Neil Modie (Seattle P-I):
The 244,458 people who showed up for Democratic Party presidential-nominating caucuses in Washington last Saturday may have set a national record for attendance at any of the party's 18 state caucuses. Howie P.S.
It certainly smashed this state's Democratic attendance record, set in 2004 when about 100,000 people attended.
And Democratic caucusgoers are thought to have greatly outnumbered their Republican counterparts although the state GOP hasn't counted how many attendees it had and won't have a number for another week, party spokesman Patrick Bell said.
The Democratic turnout "certainly makes me feel better about being exhausted" after the work that went into organizing the event, Jaxon Ravens, the state party's executive director, said Friday.
Luis Miranda, a spokesman for the Democratic National Committee, said he couldn't say for certain that the Washington caucuses made national attendance history, but "this is the largest caucus to date in a year that has seen record turnouts in caucuses around the country."
The next-largest Democratic caucus turnouts this year were the first-in-the-nation Iowa caucuses, for which a state-record 239,000 people showed up, and Minnesota's caucuses, which drew 212,079.
"We've done some research, and we haven't been able to find a caucus in the history of this country that has been as large as this state's last Saturday," Washington State Democratic Party spokesman Kelly Steele said.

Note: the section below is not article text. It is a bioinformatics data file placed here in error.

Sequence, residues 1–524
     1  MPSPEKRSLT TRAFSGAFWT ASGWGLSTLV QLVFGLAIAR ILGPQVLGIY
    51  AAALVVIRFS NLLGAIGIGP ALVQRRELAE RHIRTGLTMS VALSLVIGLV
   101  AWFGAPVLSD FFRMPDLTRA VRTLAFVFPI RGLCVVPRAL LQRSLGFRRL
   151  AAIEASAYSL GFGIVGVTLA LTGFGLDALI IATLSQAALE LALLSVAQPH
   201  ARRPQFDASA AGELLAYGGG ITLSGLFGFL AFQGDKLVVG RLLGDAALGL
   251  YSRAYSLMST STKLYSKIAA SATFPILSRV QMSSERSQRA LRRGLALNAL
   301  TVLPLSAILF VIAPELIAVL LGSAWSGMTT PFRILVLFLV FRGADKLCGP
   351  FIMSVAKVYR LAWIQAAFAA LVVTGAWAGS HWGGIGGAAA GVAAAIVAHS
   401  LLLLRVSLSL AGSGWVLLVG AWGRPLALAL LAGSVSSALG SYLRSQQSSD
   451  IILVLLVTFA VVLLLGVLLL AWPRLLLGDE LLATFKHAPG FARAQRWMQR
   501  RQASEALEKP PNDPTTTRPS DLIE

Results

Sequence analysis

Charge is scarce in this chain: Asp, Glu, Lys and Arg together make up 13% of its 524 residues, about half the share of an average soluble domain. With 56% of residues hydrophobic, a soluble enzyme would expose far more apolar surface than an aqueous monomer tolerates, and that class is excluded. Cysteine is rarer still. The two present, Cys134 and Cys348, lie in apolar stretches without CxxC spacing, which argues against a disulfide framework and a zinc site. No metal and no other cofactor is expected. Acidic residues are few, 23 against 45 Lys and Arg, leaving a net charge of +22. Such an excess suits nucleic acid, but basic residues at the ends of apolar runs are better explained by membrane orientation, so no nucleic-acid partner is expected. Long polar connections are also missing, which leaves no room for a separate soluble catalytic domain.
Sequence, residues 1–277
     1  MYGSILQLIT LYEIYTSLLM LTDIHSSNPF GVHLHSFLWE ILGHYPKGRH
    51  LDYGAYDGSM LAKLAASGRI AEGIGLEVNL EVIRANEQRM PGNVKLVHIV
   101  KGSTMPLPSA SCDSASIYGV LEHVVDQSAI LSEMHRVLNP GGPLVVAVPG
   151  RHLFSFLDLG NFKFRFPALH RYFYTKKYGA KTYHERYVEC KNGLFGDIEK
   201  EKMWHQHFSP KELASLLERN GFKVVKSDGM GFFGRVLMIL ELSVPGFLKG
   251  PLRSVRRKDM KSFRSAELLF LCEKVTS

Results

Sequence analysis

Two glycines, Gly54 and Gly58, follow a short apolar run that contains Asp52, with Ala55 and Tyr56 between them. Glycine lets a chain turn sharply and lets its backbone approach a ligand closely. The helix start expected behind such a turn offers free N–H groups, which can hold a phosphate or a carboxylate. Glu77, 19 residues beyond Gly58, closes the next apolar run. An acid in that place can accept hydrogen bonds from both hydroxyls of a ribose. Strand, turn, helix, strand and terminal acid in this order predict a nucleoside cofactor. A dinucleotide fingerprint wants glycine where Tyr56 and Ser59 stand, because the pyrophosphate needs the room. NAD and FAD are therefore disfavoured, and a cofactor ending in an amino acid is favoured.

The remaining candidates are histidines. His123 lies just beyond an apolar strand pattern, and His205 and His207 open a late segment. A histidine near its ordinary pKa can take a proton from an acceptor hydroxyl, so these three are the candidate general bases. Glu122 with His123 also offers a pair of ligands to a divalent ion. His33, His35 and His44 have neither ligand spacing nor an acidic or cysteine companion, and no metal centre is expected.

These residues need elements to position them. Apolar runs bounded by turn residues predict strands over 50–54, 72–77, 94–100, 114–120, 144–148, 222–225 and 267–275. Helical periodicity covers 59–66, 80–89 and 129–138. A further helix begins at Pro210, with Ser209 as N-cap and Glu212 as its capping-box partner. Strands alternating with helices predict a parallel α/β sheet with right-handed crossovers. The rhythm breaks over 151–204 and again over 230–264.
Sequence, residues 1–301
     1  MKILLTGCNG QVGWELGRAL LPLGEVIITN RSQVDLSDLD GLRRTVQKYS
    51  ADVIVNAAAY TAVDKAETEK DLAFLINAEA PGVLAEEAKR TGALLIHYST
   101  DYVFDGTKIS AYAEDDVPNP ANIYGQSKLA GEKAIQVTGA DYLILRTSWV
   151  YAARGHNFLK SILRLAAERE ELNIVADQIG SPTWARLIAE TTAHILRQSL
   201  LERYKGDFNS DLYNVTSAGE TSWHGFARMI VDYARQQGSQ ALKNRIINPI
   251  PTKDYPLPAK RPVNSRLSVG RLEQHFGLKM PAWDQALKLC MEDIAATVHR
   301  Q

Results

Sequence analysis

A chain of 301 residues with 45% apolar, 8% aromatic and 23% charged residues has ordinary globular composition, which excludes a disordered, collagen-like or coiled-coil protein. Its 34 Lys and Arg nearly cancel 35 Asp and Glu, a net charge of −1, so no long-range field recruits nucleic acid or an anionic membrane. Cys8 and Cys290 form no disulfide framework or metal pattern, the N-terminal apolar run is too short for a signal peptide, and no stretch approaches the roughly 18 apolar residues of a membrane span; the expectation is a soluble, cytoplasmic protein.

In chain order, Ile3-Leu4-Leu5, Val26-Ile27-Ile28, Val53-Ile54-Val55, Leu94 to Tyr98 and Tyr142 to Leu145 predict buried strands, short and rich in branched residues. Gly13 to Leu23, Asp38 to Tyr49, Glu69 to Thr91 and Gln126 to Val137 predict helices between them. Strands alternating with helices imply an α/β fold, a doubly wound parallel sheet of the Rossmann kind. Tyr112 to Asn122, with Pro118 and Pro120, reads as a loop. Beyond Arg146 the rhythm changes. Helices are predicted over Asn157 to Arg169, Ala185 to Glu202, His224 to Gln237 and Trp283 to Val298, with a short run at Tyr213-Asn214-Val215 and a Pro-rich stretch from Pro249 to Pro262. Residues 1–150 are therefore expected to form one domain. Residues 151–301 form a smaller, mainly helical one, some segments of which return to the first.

Much of the turnout stemmed from large numbers of political newcomers drawn to the caucuses to support Illinois Sen. Barack Obama, whomWashington caucusgoers favored over New York Sen. Hillary Clinton by a more than 2-1 ratio. Obama has generally fared better in caucus states and Clinton in primary states.
Given how much more populous Texas is than Washington, the Lone Star State's March 4 caucuses could draw more people -- except that Texas isn't a pure caucus state because it allocates some of its delegates through caucuses and others through a primary, both on the same date. And only primary voters may attend caucuses.
Washington Democrats allocate all of their nominating-convention delegates through caucuses while the state Republican Party allocates about half of its delegates through caucuses and the other half through Tuesday's presidential primary.
As heavy as the turnout for the caucuses was, participation in the primary is expected to be much larger.
: Be sure to vote by mail or in person on Tuesday for your favorite candidate in the "beauty contest" Democratic primary that doesn't count as far as delegates to Denver, but the results will get press coverage, anyway.Barack Obama
Labels: washington state presidential primary